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Ukraine PM: 'Civilized World' Won't Recognize Crimea Referendum

Ukrainian Prime Minister Arseniy Yatsenyuk said that Ukraine was ready for talks with Russia, but that Moscow must withdraw its troops from Crimea and stop its support for "separatists and terrorists."
Ukrainian Prime Minister Arseniy Yatsenyuk has said that the world will not accept the results of a "so-called referendum" on Crimea joining Russia, as top Russian officials expressed strong support for such a move.

Yatsenyuk spoke on March 7 in Kyiv, a day after the Crimean parliament voted in favor of the region becoming part of Russia and scheduled a referendum for March 16.

"No one in the civilized world will recognize the results of a so-called referendum carried out by these so-called authorities," Yatsenyuk said.

Yatsenyuk said that Ukraine is ready for talks with Russia, but that Moscow must withdraw its troops from Crimea and stop its support for "separatists and terrorists."

"We have clearly declared our readiness to hold talks with the Russian government. But in order for that to happen, our Russian neighbors have to become [our] Russian partners," Yatsenyuk said.

"Firstly, they have to withdraw [their] troops; secondly, fulfill the bilateral and multilateral agreements that Russia has signed; thirdly, to halt support for the separatists and terrorists who are on the territory of the Autonomous Republic of Crimea."
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Yatsenyuk said he had requested a second phone call with Russian Prime Minister Dmitry Medvedev. Their first phone conversation on March 1 has been the only high-level contact between the two countries since the crisis began.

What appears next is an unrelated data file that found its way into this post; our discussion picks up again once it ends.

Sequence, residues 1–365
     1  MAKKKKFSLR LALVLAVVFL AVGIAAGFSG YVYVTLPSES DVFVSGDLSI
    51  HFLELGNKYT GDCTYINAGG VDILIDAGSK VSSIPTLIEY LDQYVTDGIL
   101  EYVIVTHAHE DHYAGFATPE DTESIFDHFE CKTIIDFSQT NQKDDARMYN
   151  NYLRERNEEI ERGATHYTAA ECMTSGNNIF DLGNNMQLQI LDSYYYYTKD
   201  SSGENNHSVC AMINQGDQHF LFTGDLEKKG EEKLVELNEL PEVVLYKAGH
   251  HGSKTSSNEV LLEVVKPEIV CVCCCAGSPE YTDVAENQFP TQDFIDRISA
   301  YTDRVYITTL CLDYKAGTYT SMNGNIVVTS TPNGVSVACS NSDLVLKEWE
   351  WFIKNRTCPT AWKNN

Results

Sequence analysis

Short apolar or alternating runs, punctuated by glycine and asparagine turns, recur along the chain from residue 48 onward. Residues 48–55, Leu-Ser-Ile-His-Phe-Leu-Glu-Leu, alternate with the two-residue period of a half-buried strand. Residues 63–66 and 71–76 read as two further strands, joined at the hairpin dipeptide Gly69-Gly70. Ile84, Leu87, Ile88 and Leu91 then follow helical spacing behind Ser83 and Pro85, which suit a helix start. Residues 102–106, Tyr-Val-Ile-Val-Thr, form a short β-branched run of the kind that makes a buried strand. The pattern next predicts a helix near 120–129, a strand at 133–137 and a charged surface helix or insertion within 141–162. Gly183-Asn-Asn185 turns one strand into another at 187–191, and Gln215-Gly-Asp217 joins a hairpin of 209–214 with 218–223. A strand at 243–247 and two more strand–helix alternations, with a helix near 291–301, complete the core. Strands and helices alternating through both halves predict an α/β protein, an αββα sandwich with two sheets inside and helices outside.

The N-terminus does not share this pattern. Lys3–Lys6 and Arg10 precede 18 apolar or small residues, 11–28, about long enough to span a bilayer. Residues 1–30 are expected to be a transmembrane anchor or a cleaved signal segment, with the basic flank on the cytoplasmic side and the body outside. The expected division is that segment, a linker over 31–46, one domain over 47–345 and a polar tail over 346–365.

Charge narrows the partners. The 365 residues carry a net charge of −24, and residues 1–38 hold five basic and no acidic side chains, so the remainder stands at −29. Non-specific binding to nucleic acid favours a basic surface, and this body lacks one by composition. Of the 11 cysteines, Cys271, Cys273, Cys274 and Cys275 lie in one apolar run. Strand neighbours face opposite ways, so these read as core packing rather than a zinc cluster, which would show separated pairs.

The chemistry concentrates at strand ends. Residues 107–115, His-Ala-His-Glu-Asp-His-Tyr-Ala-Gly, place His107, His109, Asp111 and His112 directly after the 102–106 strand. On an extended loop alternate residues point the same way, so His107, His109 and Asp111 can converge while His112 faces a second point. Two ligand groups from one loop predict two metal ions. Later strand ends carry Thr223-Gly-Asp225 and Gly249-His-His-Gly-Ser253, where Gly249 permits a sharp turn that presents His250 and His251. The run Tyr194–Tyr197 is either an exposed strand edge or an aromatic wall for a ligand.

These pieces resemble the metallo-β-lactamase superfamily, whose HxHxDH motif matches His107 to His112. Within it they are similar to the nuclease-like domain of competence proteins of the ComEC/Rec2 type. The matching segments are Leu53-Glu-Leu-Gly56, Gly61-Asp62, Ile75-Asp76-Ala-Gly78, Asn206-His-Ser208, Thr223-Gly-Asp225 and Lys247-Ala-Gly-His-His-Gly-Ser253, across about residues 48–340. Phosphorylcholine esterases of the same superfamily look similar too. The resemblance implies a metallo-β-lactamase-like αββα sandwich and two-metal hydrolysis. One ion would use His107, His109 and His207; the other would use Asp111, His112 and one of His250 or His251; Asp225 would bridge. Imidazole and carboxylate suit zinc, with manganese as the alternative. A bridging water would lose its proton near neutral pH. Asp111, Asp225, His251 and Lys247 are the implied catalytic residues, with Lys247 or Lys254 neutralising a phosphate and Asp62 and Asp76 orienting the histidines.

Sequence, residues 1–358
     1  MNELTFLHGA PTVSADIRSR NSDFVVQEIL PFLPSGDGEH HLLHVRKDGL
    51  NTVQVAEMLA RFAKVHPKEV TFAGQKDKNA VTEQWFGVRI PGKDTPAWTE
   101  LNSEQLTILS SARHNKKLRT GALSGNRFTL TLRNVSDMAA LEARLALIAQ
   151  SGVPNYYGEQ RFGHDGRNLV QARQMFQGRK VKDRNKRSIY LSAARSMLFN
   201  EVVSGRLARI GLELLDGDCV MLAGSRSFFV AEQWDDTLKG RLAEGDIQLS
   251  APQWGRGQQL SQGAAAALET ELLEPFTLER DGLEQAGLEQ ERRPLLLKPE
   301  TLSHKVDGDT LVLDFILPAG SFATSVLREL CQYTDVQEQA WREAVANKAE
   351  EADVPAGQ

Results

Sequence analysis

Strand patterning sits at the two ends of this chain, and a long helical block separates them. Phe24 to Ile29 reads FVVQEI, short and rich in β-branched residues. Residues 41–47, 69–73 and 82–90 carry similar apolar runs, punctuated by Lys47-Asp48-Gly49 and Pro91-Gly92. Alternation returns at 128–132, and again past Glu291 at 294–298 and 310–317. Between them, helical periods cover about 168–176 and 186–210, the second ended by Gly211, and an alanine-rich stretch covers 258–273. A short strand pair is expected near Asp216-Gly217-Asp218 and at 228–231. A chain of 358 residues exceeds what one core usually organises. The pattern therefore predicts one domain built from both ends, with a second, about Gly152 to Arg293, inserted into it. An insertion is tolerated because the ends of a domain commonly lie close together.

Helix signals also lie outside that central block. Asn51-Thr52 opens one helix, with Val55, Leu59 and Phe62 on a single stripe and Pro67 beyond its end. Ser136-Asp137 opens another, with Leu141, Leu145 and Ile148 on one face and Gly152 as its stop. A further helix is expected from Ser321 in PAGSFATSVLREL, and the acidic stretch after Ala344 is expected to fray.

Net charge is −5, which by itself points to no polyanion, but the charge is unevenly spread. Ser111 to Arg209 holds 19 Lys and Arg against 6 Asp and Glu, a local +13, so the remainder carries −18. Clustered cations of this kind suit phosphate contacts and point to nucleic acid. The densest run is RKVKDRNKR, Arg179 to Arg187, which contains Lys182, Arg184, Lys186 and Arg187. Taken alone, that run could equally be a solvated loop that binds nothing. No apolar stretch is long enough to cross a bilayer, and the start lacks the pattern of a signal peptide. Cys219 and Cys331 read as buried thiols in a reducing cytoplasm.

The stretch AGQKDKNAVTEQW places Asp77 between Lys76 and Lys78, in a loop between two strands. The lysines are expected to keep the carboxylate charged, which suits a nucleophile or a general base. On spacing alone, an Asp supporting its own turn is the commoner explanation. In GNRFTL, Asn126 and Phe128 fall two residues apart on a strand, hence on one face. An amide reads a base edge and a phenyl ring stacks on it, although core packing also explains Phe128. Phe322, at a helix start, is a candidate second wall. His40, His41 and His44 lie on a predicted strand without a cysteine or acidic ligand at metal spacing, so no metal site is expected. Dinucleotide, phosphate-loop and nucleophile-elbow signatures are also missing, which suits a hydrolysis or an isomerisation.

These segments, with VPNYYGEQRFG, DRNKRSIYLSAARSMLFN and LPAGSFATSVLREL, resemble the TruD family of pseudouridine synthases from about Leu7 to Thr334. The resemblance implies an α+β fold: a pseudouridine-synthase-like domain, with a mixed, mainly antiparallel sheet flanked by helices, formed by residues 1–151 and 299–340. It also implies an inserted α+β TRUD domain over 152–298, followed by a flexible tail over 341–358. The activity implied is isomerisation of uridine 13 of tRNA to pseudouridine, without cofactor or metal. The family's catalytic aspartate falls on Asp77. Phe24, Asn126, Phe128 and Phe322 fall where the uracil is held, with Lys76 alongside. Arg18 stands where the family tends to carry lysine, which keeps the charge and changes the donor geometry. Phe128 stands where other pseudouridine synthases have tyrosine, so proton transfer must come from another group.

Meeting With Crimea Leader

In Moscow, the heads of both of Russia's parliamentary chambers met with the leader of Crimea's parliament, Vladimir Konstantinov.

Sergei Naryshkin, the speaker of the State Duma, said after the meeting that the lower house will respect the Crimeans' "historic choice."

"We realize that this decision was made as a result of the acute political crisis that is taking place in Ukraine, and it is connected with the effort to ensure the rights and freedoms of citizens, simply to protect human lives," Naryshkin said.

Valentina Matviyenko, the head of the upper chamber, the Federation Council, said the Crimean parliament has the "right" to hold a plebiscite on the region's future status.

"If the people of Crimea make the decision in the referendum to join Russia, we, as the upper house of the parliament, will unconditionally support such a decision," Matviyenko said.

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Russian news agency ITAR-TASS quotes Konstantinov as saying that not only Crimea should "be reunified with Russia, but the whole of Ukraine."

On March 6, U.S. President Barack Obama spoke by telephone to Russian President Vladimir Putin about the crisis in Ukraine.

According to the White House, Obama told Putin Russia's actions in Crimea violate Ukraine's sovereignty and outlined a plan under which Russia would pull back troops to bases in Crimea, allow international monitors in to ensure the rights of ethnic Russians are respected, and consent to direct talks with Ukraine officials.

The Kremlin said the conversation with Obama revealed "differences in approaches" but said Putin told Obama bilateral relations should not suffer over Ukraine.

Reuters, meanwhile, quotes an aide to the head of Ukraine's border guards service, Serhiy Astakhov, as saying Russia now has an estimated 30,000 troops in Crimea, nearly twice the previous figure given by the government in Kyiv. Astakhov said that includes both troops who have arrived since last week and Russia's Black Sea Fleet.

Normal Russian troop levels at Black Sea Fleet facilities in Crimea historically have been about 11,000.

Russia says the extra troops are not Russia military personnel but are local "self-defense" forces."

With reporting by Reuters and Interfax
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